Your fan choice is important and you need one with a shroud. Ideally the fan is large enough or the shroud as accommodations to allow engine air flow during cruise speeds to avoid creating an overheat condition when moving. Too many fans are too small or have shrouds that restrict air flow to only the area of the fan.
You will need a way to control the fan. The easiest is a set of relays with a temp sensor on the radiator or more preferably on the intake for proper temp readings. The issue here is the fans are typically on or off, when on they will be running at 100% and be quite loud. This also does not allow proper control of coolant temp as you can overcool or cause large swings in temperature. I suggest installing a fan controller that is PWM(pulse width modulated). This will allow your fans to run from 0-100% depending on demand. You can adjust settings to dial in your ideal running temperature. They also give you the function of fan speeds with AC if you have it as well. The fans and controller should all have their own circuits, I suggest an Auxiliary fuse/relay setup that pulls its main power from the battery and nothing on your stock wiring

On the subject of alternators look into a 1-wire. Its internally regulated and simple install. I running a powermaster and its been great. Looks close in style to the original l as well so it doesn’t look out of place. You do not need any of the factory external regulator circuit when using a 1wire alternator.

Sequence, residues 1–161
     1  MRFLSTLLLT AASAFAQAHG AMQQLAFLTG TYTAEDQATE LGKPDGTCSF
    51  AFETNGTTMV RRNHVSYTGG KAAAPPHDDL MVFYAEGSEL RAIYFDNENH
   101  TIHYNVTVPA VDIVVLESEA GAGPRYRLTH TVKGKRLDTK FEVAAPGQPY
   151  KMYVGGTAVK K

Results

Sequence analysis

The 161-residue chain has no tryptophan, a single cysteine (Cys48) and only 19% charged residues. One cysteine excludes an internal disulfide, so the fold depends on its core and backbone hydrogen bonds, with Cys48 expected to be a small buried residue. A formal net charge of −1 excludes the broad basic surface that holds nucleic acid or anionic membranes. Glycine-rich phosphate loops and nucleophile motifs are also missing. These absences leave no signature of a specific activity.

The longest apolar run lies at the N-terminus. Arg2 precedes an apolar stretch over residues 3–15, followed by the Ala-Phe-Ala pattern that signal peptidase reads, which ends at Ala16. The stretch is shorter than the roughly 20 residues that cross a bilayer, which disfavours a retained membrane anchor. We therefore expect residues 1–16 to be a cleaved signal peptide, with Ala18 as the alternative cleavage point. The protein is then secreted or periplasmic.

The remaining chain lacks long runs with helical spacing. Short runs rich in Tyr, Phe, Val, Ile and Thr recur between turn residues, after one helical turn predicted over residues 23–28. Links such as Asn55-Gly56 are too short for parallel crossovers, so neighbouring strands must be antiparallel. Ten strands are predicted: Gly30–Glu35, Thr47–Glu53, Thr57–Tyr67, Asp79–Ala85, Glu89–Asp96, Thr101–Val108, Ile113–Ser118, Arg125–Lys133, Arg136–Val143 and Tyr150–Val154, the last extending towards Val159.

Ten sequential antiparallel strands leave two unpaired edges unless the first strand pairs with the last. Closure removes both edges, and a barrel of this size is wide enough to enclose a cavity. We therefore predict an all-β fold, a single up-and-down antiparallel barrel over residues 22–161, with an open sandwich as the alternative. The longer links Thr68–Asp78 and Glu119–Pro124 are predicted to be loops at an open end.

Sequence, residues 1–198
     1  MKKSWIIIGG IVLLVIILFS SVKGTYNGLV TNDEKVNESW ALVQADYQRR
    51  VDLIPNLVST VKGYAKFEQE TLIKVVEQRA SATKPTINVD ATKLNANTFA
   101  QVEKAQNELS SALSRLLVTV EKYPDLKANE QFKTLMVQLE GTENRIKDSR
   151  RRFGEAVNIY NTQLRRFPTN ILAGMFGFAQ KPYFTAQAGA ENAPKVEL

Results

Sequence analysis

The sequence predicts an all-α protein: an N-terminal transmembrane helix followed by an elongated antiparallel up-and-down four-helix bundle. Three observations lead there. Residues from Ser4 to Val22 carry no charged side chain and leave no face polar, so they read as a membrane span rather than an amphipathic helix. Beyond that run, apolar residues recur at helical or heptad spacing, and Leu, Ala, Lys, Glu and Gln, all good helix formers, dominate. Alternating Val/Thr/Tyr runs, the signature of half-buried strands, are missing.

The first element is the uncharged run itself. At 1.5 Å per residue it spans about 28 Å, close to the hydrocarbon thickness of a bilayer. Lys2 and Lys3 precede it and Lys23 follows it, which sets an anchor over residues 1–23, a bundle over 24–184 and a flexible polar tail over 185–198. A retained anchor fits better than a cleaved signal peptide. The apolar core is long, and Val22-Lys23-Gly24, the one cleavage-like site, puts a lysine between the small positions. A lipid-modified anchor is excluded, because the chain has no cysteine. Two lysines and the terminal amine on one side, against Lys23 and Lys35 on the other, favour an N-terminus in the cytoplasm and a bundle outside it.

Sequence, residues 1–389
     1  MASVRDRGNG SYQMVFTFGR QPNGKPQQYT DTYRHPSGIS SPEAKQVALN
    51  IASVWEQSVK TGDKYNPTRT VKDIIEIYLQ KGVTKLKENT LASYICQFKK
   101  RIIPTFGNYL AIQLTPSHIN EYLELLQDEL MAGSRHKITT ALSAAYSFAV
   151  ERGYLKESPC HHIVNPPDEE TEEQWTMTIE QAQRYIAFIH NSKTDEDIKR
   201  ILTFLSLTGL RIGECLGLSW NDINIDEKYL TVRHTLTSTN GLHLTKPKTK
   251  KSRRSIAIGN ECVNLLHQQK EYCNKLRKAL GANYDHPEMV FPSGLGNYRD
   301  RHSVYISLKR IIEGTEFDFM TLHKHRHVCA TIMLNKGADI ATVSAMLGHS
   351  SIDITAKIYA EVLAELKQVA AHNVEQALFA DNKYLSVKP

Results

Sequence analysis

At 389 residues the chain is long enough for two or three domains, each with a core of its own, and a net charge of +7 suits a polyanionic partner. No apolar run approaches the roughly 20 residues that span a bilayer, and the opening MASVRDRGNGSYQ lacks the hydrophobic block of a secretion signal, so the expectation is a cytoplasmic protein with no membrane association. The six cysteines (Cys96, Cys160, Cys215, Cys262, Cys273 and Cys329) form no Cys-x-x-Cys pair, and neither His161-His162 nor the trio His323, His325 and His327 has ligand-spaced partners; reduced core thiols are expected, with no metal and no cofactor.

Ive done all this on my car already and I have pictures posted of what parts Im using and how its installed

When i did ours 16yrs ago , someone made a box that resembled the stock voltage regulator to control the red idiot light on the dash. Check with rocketman for relays for fan , lights, and maybe horn and ac…look foreward to electric headlight doors

A few years ago I thought an electric fan would be good for my Cougar. I checked CFM ratings for several fans that would fit, but the numbers seemed inadequate,

My 69 XR 7 has a 351W. I installed a 24-inch factory-style radiator, shroud and a flex fan from a 79 Thunderbird. 180-degree thermostat. It has never overheated.

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To make it work properly you have to do the lot - 24" three row radiator, high amp alternator, increased wiring to battery from alternator, correct thermostat and OEM fans and controller used to cool a car of similar capacity. The real limitation is finding fans that will fit in the small space between radiator and water pump pulley. Fan controller is mandator for high output OEM fans.

If you go with an aftermarket fan you need a top quality fan like a SPAL. eBay fans vary significantly in quality. For aftermaket fans there does not appear to be much difference between 2 x 12" and 1 x 16" for cooling capacity. 2 x 12" will draw more current than 1 x 16" in aftermarket fans. OEM fans can pull 70amps on high speed or starting. Configuration of choice of local 351C Falcon huilders tends to be a single 16" fan and 160 thermostat

I’ve run electric fans on windsors and clevelands for over 20 years. Only stupid mistake was to use a wider a/c condenser which slowed the airflow onto the radiator and would cause temperatures to creep up when travelling at 60mph with the a/c on. The narrower Ford condenser allows airflow around the edges and creates a low pressure area behind the condenser to drag more air through

If you have a/c, either install twin fans with one operating on slow speed or a two speed oem fan. That way you and the engine stay cool